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School-related gender-based violence


















School-Related Gender-Based Violence (SRGBV) is a phenomenon that affects millions of children, families, and communities worldwide. The United Nations Educational, Scientific and Cultural Organization (UNESCO) defines SRGBV as “acts or threats of sexual, physical or psychological violence occurring in and around schools, perpetrated as a result of gender norms and stereotypes, and enforced by unequal power dynamics.”


The term refers to a kind of Gender-Based Violence (GBV) that occurs in schools, on the way to or from schools, at home, in the community, or in the cyberspace. SRGBV can be perpetrated by a wide range of actors, such as schoolmates, teachers, family-members, institutions, etc. And it can take a variety of forms, namely psychological, emotional, physical, and sexual, which tend to overlap and reinforce each other [Figure 1].



Figure 1. Source: UNESCO and UN Women (2016)

SRGBV happens in all countries and regions of the world, regardless of the geographic location, culture, race, ethnicity, and economic status. Yet, there is a widespread lack of understanding that surrounds the concept and the sensitive nature of these issues. Similarly, we lack evidence of the full-global scale and nature of SRGBV because data is insufficient and remains very limited in both coverage and scope. Nevertheless, according to UNICEF’s (2014) report Hidden in Plain Sight, the largest-ever compilation of data on violence against children, much of it occurs within schools:


The most common form of violence in schools is bullying, affecting more than 1 in 3 students worldwide. Homophobic bullying is especially widespread.

1 in 10 girls under the age of 20 has experienced sexual violence, and high rates of sexual harassment have been reported by boys and girls globally.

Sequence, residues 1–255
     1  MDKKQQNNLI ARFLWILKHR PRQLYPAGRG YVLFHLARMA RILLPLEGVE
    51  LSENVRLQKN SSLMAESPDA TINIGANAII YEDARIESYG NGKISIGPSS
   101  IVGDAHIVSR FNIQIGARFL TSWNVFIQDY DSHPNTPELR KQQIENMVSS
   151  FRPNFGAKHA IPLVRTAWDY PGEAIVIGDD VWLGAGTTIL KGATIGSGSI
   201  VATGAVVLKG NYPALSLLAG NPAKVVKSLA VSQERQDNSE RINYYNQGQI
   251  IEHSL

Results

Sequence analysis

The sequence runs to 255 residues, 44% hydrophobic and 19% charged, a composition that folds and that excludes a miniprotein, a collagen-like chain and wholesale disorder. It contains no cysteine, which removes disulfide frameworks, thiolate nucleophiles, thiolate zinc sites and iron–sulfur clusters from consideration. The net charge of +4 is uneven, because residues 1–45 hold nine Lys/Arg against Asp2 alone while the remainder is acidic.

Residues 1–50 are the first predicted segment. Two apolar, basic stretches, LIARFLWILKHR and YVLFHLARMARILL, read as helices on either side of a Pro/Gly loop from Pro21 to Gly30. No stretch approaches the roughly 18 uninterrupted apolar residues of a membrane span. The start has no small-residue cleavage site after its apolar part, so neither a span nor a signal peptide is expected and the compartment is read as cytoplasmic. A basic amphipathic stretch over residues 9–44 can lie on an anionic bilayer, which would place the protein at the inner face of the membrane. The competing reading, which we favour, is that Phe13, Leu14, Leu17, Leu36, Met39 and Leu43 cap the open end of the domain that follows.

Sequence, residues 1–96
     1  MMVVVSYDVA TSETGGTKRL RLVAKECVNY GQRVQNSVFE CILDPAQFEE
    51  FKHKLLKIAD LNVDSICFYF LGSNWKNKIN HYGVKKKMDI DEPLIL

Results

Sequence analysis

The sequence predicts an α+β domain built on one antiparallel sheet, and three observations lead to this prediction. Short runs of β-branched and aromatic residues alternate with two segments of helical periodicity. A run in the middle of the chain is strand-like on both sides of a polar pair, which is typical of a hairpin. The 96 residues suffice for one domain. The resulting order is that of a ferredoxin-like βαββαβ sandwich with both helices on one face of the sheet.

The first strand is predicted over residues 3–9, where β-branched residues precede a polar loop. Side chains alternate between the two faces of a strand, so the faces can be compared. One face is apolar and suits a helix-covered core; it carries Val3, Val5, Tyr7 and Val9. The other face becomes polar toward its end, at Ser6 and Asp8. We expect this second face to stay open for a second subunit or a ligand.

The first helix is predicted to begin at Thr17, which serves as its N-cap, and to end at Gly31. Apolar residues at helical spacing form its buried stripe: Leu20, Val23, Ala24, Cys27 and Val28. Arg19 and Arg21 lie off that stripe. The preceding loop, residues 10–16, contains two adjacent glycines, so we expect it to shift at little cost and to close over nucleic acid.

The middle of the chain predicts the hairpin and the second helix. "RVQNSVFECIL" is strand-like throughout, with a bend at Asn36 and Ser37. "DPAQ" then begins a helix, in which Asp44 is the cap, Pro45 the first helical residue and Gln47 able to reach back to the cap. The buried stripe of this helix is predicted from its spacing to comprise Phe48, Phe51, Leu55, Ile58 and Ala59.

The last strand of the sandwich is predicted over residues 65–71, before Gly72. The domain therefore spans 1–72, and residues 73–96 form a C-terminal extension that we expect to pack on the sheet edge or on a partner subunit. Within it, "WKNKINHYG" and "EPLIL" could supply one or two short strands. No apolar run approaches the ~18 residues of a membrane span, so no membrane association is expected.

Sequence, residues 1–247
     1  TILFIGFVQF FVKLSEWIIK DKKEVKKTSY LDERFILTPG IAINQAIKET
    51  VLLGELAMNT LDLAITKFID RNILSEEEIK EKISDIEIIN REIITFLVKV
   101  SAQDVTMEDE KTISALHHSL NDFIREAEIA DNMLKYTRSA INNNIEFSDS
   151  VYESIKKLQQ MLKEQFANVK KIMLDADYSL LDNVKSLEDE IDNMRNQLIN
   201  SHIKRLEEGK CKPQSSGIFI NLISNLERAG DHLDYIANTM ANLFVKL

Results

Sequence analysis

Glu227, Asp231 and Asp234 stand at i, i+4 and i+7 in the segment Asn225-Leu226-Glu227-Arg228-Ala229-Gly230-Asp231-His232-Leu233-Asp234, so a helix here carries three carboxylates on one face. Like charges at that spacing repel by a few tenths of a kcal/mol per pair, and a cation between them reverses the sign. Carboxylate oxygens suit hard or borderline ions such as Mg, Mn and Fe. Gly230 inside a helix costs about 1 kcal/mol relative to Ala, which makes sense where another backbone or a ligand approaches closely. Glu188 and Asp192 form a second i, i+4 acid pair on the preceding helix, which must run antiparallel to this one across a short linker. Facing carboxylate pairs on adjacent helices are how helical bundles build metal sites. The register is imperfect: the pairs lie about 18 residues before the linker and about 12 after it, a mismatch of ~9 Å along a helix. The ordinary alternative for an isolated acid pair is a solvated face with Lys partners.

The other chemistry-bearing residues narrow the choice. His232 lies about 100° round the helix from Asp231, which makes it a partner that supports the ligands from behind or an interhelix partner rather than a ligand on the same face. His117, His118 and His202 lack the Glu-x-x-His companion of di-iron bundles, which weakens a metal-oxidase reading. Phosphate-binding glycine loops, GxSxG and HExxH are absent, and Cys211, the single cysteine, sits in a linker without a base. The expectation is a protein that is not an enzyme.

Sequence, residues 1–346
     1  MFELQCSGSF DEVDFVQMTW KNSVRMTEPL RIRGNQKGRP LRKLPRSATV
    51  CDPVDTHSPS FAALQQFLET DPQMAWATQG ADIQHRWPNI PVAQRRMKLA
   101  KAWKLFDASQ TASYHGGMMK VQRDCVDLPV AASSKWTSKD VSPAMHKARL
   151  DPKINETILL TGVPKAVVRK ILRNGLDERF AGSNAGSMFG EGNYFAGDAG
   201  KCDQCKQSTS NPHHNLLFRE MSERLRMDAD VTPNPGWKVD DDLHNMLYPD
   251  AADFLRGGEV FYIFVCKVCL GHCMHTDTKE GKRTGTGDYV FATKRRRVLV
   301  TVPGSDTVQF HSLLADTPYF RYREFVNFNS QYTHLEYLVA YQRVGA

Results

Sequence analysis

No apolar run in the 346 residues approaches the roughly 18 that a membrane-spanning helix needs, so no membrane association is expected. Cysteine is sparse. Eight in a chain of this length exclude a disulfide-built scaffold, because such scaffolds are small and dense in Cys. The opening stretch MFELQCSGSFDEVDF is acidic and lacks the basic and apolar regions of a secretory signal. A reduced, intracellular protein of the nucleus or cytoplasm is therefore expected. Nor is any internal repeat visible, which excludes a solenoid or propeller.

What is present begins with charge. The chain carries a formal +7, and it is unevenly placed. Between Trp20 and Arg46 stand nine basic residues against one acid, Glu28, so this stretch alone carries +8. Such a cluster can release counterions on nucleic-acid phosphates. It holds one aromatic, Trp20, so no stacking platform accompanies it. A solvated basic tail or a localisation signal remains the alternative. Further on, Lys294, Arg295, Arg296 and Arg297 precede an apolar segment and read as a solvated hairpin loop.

More than 80 per cent of students in some countries suffer corporal punishment under the guise of discipline. Half of all children worldwide lives in countries where there is no legal protection from corporal punishment.

Cyber-bullying is very often related with school bullying. A study of 20,426 US high school students found that 60 per cent of cyber-bullying victims were also bullied at school; girls were more likely to report cases than boys.


Clearly, SRGBV affects boys and girls worldwide differently depending on their sex, gender identity, country, and context. For instance, girls are more likely to experience psychological bullying, cyber-bullying, sexual violence, and harassment. On the other hand, boys often face higher rates of corporal punishment than girls and they are expected to normalize it. Also, most LGBT students report having experienced bullying or violence based on their sexual orientation or gender identity/expression.


Why does SRGBV matter?


SRGBV is a severe violation of children’s fundamental human rights and a form of gender discrimination. Every child must be protected from all forms of discrimination and violence, including in their school lives. It is one of the most important and pervasive form of school violence. It has harmful impacts on a child’s well-being, their physical and emotional health, as well as on their cognitive and emotional development, as so as great social and economic costs for societies.


Among the most serious consequences for the child there are physical injuries, abrasion and lacerations, disability, genital-urinary symptoms, unwanted pregnancy, HIV, eating disorders, risky sexual behaviors, anxiety, depression, post-traumatic stress disorders, shame, anger and hostility, suicide, self-harm, mental disorders, dissociation, loss of memory. SRGBV is also correlated with lower academic achievement deriving from lack of concentration, inability to study, falling grades, disruption in class, non-school attendance, and dropping out of school.